This Week in New York Insider's Guide to Arts & Culture in New York City Since 2001



The Baseball Project will take the field in Hoboken on Sunday afternoon, followed by Ian Hunter & the Rant Band

Washington St. between Observer Highway and Seventh St.
Sunday, May 1, free, 11:00 am - 6:00 pm

One of the best double headers of the season is scheduled for Sunday, and not only does it not require separate admission, it’s absolutely free. It’s also not taking place on a grass-and-dirt diamond. The annual Hoboken Arts & Music Festival will step up to the plate with a day of cultural celebration in the city where the organized game of baseball was first played, on the Elysian Fields on June 19, 1846, with the New York Nine defeating the Knickerbockers 23–1 in a four-inning contest. On Sunday at 3:00, the Baseball Project will take the stage, an athletic supergroup consisting of R.E.M.’s Peter Buck and Scott McCaughey, the Dream Syndicate’s Steve Wynn, and the Pretty Babies’ Linda Pitmon, who also plays drums for Steve Wynn and the Miracle 3. The Baseball Project, the brainchild of huge baseball fanatics McCaughey and Wynn, are touring behind their sophomore album, Volume Two: High and Inside (Yep Roc, March 2011), the follow-up to their 2008 debut, Volume One: Frozen Ropes and Dying Quails. While the first disc explored such legends as Ted Williams, Willie Mays, Harvey Haddix, Curt Flood, Big Ed Delahanty, Fernando Valenzuela, Jackie Robinson, and Satchel Paige, the second focuses on such characters as Reggie Jackson, Tony Conigliaro, Mark “the Bird” Fidrych, Pete Rose, Roger Clemens, Ichiro Suzuki, and Bill Buckner. The band clearly knows its baseball, detailing specific classic situations, using the correct terminology, and sharing their obvious affection for the national pastime, with pop hooks galore. One of the most entertaining songs is “Panda and the Freak,” in which they praise dozens of the greatest nicknames of all time, from Baby Bull and the Beast to the Spaceman and Will the Thrill. If they show a bent toward the Red Sox, blame it on Wynn. They even bring in guest vocalist Craig Finn of the Hold Steady to warble “Don’t Call Them Twinkies,” a ditty about his hometown team, the Minnesota Twins. (Ben Gibbard of Death Cab for Cutie, Steve Berlin of Los Lobos, Ira Kaplan of Yo La Tengo, and Chris Funk and John Moen of the Decemberists also pitch in.)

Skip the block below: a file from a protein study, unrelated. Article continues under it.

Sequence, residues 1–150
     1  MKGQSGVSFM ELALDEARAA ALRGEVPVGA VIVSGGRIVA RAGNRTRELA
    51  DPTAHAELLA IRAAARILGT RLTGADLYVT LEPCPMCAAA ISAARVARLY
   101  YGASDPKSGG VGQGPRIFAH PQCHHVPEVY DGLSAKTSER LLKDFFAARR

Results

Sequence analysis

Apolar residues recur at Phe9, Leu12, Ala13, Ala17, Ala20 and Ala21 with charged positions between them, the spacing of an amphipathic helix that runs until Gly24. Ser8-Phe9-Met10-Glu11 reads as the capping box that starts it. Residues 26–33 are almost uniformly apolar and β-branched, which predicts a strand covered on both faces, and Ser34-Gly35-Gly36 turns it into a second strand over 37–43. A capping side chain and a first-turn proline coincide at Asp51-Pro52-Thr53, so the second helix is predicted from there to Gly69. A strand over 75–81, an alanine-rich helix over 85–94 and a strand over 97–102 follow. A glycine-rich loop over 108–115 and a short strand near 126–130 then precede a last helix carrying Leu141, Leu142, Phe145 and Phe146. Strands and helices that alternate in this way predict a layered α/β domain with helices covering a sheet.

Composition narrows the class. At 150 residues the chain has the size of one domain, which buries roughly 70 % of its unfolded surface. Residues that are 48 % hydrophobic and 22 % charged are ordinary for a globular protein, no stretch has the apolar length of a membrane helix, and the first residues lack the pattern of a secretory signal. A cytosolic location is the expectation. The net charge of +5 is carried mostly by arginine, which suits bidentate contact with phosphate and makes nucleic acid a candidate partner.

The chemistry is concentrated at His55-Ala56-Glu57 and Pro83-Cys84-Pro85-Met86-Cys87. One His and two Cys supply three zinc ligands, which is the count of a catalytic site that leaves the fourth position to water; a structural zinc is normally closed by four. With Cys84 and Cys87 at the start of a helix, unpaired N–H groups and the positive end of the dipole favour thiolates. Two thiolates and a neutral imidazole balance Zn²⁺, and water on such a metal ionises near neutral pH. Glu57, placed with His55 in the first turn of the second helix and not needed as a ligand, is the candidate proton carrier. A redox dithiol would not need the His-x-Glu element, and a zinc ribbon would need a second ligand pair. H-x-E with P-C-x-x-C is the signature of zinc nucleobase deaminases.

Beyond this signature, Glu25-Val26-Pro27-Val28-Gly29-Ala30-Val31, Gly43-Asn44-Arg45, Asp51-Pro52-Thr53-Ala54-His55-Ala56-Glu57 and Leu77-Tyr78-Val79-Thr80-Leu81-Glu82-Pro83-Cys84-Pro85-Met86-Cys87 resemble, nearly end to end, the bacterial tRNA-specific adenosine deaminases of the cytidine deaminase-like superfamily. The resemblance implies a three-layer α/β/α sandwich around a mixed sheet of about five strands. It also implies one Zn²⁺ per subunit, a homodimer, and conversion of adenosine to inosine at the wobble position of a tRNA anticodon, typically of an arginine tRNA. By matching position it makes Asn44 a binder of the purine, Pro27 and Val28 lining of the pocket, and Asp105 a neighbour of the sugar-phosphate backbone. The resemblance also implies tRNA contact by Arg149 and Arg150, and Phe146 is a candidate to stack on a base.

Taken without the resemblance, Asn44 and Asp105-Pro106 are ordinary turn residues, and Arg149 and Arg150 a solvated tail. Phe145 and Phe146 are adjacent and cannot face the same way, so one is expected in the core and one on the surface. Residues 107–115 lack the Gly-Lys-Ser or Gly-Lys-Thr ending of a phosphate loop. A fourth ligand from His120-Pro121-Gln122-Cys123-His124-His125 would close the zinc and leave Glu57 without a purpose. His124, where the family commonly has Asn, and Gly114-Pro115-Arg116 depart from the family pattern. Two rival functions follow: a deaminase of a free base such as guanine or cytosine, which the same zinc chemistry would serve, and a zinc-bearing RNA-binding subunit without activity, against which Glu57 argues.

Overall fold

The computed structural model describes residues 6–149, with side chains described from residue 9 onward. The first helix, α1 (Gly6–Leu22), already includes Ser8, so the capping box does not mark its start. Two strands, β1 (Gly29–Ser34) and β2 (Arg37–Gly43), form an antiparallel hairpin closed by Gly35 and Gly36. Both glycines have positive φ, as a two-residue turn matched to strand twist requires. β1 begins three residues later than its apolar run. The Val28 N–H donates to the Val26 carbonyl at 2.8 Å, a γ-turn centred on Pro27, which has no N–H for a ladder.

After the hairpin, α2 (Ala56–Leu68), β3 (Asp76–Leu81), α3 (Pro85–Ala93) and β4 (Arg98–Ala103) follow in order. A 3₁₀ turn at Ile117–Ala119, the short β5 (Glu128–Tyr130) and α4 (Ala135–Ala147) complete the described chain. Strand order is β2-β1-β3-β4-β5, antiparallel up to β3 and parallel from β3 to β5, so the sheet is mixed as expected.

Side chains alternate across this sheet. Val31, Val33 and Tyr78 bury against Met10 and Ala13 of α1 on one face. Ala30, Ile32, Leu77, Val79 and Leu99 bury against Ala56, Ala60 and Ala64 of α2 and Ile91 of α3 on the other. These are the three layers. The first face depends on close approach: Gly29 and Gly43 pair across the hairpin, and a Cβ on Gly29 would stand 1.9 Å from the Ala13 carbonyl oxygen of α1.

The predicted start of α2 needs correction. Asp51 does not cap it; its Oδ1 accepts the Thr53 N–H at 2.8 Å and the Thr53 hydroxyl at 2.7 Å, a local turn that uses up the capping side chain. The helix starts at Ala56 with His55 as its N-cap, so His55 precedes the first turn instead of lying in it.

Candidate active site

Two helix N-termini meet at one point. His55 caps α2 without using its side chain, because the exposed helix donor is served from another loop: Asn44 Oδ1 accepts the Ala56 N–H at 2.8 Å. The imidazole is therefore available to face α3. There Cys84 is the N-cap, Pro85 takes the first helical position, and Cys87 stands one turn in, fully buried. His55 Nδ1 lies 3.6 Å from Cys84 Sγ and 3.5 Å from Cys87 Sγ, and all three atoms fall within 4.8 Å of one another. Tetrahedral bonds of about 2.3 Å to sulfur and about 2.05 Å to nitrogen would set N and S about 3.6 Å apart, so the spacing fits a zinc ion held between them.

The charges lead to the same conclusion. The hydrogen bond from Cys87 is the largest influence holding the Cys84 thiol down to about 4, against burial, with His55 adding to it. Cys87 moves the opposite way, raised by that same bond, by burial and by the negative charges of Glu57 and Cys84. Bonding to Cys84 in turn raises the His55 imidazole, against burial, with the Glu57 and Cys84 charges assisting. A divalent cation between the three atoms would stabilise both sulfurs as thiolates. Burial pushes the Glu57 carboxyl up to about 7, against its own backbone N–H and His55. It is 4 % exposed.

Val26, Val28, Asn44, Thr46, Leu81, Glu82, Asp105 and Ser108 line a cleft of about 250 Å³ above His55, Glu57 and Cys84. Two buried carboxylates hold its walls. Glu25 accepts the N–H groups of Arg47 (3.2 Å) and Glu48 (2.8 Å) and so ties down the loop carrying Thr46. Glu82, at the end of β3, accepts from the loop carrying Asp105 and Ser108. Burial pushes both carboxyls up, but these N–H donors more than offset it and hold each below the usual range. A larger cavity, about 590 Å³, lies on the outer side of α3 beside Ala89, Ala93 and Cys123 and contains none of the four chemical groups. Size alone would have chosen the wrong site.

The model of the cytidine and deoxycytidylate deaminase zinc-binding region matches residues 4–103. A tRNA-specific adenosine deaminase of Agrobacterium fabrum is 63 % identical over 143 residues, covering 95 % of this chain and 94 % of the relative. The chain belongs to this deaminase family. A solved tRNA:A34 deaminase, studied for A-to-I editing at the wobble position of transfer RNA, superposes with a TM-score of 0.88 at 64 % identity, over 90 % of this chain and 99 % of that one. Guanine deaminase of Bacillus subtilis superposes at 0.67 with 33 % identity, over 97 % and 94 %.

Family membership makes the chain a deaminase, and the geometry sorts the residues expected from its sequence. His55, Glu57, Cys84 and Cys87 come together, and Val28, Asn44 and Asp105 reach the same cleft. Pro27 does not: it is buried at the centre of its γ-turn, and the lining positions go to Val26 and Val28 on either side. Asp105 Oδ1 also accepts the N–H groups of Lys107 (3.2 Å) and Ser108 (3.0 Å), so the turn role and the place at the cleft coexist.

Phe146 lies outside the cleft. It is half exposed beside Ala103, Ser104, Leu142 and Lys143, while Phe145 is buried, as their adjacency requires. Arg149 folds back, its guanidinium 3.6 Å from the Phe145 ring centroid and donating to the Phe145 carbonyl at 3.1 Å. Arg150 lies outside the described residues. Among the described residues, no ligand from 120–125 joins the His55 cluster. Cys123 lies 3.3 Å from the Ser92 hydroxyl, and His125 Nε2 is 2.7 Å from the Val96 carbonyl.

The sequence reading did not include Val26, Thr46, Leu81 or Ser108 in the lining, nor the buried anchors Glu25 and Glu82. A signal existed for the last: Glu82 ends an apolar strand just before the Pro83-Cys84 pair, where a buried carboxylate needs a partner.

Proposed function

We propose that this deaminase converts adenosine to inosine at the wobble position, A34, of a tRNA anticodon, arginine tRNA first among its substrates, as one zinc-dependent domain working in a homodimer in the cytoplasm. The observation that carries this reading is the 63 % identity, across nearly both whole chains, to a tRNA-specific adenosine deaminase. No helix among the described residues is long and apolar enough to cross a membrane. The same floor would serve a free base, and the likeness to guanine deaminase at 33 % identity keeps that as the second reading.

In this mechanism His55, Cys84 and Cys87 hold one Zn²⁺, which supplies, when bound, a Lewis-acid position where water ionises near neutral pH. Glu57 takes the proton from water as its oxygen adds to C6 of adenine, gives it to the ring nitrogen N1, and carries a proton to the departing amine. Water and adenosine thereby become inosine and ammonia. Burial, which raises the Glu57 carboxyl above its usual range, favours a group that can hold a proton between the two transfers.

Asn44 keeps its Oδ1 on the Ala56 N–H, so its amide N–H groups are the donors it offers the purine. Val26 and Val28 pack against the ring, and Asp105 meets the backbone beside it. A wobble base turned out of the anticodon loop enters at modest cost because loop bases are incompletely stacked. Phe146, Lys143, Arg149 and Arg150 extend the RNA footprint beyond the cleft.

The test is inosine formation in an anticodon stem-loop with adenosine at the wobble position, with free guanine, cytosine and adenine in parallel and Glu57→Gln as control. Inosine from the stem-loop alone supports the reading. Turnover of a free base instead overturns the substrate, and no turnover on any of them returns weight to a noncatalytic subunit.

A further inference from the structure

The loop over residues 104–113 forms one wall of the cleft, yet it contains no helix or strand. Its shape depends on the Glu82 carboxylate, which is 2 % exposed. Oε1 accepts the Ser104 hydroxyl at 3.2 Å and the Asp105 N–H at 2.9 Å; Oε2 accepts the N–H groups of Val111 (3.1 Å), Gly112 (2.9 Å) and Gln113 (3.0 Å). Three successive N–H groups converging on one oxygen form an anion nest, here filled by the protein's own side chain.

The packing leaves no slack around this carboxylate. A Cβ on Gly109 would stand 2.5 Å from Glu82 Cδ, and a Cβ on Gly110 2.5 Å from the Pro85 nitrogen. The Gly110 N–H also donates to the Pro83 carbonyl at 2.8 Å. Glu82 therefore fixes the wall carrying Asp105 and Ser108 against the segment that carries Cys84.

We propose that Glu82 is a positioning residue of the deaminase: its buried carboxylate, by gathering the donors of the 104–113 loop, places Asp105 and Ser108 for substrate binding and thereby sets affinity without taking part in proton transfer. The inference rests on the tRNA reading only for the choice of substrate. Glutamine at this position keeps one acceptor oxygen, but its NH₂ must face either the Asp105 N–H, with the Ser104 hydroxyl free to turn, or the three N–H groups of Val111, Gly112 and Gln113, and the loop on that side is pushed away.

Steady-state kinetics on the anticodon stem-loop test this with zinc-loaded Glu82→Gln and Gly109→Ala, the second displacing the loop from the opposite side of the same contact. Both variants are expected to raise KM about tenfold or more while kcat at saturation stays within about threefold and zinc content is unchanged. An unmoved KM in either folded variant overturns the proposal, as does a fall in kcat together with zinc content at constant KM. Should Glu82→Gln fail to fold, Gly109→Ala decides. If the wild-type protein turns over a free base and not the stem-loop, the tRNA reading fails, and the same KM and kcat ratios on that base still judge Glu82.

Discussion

Ian Hunter, Hoboken’s own Jim Mastro, and the rest of the Rant Band will close out Hoboken Arts & Music Festival on Sunday at 4:30 (photo by twi-ny/mdr)

After the Baseball Project reach their prearranged pitch count, Ian Hunter & the Rant Band will be brought in to close things out. Hunter, the former leader of Mott the Hoople, is still making outstanding albums, the most recent being 2009’s Man Overboard and 2007’s Shrunken Heads (both on Yep Roc), showing that he knows how to go from a fastball to a curve to a slider like the best of them, and oh those change-ups. Songs such as “Stretch,” “Soul of America,” “Up and Running,” and “Win It All” might not actually be about baseball, but Hunter loads the bases with those newer tunes, then hits it out of the park with such longtime favorites as “Once Bitten, Twice Shy,” “All the Way from Memphis,” “All the Young Dudes,” “Just Another Night,” “Michael Picasso,” and “23A, Swan Hill.” Hunter is a genuine rock star who still has Hall of Fame stuff; don’t miss this great chance to catch him and his excellent team live, and for free. (The fair itself begins at 11:00 am, with fine artists displaying their wares between Second & Third Sts., childrens’ activities in a special area on Third St. with rides, games, arts & crafts, clowns, and a puppet show, crafters showing off their handmade goods, and local restaurants offering an international selection of food. Among the many other live performers are Hudson Dance & Movement, the Fuzzy Lemons, Genesis Dance Company, and Dawnee from Peanut Butter n Jammin at the Kid Zone on Third St., Bandwidth, NYC School of Rock, Garden Street Music, Goodbye Friday, Mad Dog Mary, Gene d’ Plumber, and Frankie Morales and the Mambo of the Times Orchestra at the Sixth St. Stage, and Davey & the Trainwreck, Bern & the Brights, and the Pretty Babies at the Observer Hwy Stage.)

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